MASK OF ZORRO
Directed by Martin Campbell
Screenplay by John Eskow, Ted Elliott, Terry Rossio
Starring Antonio Banderas, Anthony Hopkins,
Catherine Zeta-Jones, Stuart
Wilson, Matt Letscher
My advice: The sparks from this one could set your couch on fire
Rating out of
This is the movie I fell in love with Antonio Banderas in. Now before you think it's all hormones talking, I think
I need to justify my love of this flick in terms a movie-watcher can understand.
What do we look for when we see a film? I'm not sure about you, but speaking
for myself I look for thrills and excitement. I like a superbly written story line with well-developed characters.
And, if love is involved, I want to see the kind of electricity than can power a small mountain town. Zorro delivers
all of this and then some.
In an effort to even more authenticate my true admiration of this film I shall now go on the record as stating
I simply cannot tolerate Catherine Zeta-Jones. Loathe her, yes. Tolerate her, no. In Zorro she is a major player.
Now can't you just feel the honesty radiating through your computer screen?
The start of this romantic thriller introduces you to Don Diego de la Vega (Hopkins) who, in the guise of the black
masked swordsman known as Zorro, battles victoriously for the oppressed people of then Spanish California. Their
very California is trapped in the throws of an attempted "liberation" led by General Santa Anna. All
of this because Spanish Governor Don Rafael Montero (Wilson) is looking to take this territory and bequeath it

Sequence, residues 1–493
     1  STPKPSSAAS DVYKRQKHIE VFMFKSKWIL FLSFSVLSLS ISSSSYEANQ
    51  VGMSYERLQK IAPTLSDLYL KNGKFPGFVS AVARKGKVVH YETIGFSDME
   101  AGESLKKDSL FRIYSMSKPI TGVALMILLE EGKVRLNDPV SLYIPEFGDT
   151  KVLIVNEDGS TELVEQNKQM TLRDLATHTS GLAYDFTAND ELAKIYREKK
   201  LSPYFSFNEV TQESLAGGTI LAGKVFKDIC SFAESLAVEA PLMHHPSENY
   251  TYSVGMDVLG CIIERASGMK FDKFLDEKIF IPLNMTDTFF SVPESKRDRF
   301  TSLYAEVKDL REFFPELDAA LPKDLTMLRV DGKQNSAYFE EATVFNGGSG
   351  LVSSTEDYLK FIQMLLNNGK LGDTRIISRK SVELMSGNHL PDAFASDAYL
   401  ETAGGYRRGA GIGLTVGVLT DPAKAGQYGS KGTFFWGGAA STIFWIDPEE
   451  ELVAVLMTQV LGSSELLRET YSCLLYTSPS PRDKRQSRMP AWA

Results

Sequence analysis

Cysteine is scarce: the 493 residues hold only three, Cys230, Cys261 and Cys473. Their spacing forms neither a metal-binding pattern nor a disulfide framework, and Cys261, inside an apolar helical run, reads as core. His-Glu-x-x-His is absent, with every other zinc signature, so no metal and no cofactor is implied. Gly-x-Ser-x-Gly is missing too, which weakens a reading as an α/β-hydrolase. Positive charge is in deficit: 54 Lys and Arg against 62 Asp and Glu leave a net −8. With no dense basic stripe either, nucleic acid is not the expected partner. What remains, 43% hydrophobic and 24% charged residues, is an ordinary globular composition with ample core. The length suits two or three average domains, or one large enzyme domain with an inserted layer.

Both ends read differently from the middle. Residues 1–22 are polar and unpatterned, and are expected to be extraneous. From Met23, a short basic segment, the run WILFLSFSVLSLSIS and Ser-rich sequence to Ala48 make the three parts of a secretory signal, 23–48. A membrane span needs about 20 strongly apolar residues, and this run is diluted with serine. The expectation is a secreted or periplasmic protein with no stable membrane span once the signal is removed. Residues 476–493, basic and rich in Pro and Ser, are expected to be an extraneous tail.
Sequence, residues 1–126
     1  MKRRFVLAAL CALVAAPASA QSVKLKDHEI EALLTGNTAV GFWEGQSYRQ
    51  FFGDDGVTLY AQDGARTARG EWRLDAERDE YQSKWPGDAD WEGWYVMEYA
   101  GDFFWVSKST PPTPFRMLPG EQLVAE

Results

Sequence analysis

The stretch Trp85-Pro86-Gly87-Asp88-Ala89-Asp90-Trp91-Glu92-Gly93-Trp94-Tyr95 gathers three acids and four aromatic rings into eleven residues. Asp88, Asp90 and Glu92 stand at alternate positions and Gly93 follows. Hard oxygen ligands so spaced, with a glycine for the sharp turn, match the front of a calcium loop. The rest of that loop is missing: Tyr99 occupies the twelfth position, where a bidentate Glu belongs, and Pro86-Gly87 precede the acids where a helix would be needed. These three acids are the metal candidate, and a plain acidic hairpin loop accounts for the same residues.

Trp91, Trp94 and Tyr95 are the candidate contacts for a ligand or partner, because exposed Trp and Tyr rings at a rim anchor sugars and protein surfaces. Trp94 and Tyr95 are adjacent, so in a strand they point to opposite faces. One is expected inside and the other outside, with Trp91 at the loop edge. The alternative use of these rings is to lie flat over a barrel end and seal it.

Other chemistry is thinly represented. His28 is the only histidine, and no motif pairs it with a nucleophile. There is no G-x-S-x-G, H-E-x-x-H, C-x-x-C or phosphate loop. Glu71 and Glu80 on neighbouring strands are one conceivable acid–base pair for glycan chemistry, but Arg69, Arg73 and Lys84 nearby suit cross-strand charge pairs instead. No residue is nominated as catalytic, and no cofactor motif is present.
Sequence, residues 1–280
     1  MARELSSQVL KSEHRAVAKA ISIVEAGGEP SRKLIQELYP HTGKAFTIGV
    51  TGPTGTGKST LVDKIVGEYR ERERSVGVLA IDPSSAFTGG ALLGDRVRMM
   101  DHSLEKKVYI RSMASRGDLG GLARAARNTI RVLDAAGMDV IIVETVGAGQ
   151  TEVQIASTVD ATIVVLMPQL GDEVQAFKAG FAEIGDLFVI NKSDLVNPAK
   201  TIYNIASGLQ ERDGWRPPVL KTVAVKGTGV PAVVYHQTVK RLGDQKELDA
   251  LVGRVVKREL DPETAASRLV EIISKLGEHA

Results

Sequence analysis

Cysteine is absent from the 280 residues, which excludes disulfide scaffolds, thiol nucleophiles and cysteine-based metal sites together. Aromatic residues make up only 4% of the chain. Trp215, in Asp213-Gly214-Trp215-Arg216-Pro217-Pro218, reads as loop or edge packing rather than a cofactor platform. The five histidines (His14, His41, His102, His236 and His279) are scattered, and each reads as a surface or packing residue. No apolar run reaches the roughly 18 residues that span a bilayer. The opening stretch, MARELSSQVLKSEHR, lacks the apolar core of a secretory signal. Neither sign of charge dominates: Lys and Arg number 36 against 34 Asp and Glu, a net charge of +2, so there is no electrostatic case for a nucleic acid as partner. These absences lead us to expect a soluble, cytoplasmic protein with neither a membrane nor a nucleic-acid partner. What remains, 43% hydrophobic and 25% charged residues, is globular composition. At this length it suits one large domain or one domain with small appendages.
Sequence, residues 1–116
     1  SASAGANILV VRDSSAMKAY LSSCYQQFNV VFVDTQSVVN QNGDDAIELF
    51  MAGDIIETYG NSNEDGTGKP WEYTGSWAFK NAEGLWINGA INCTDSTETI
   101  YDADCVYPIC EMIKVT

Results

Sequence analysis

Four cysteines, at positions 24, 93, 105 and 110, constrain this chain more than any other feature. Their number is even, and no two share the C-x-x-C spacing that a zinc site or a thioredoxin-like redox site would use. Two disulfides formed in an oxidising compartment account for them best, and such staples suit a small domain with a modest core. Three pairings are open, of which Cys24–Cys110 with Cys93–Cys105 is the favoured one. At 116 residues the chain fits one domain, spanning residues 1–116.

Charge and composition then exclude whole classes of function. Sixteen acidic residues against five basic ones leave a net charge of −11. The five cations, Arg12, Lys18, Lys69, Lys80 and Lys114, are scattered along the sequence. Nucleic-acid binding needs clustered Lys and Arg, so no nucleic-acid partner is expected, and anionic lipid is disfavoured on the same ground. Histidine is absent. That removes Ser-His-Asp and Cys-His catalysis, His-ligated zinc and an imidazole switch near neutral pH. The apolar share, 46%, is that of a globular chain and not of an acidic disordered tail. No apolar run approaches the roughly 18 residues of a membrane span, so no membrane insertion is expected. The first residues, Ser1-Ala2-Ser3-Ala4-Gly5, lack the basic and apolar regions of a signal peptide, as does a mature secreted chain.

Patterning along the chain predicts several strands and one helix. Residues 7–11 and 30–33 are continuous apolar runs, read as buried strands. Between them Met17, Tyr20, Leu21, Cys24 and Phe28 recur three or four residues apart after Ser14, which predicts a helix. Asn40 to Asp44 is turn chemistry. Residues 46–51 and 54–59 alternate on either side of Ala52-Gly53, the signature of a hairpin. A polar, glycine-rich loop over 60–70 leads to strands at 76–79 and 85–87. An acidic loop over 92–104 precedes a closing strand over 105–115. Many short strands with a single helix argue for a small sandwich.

to the richest of the land barons. In a superior opening battle, Zorro is dealt the loss of both his wife and
daughter as Montero invades his home and sends him off to a life time in prison. But not before Zorro has earned
the unwavering admiration of two small boys.
As we move into the future these two small brothers have grown but, unfortunately, their brush with Zorro's nobility
of character did nothing to define their own. They roam the countryside as thieving banditos until one is murdered
by American military officer Captain Harrison Love (Letscher).
As Don Rafael returns from Spain with the final plan to buy California back from Santa Anna, Don Diego finally
escapes from his prison. Seeking to avenge himself he makes a hasty plan to murder Diego, until he spots his now
grown daughter (Zeta-Jones). He then realizes it's time for Zorro to rise up again for the people. A new Zorro.
The only problem with this is his new Zorro, Alejandro Murieta (Banderas), is an often drunken lout and a pretty
lousy swordsman to boot. So filled with hate for the man who murdered his brother, Alejandro is unwilling to learn
Zorro's ways. Looks like Zorro has his work cut out for him.
This movie is A-plus viewing. It has everything you could possibly desire in a film and the humor sprinkled within
is liberally dosed. Banderas and Zeta-Jones bring a passion to their pairing that could very well have leveled
Verona. If you haven't seen it yet I implore you to do so. It just doesn't get any better than this.......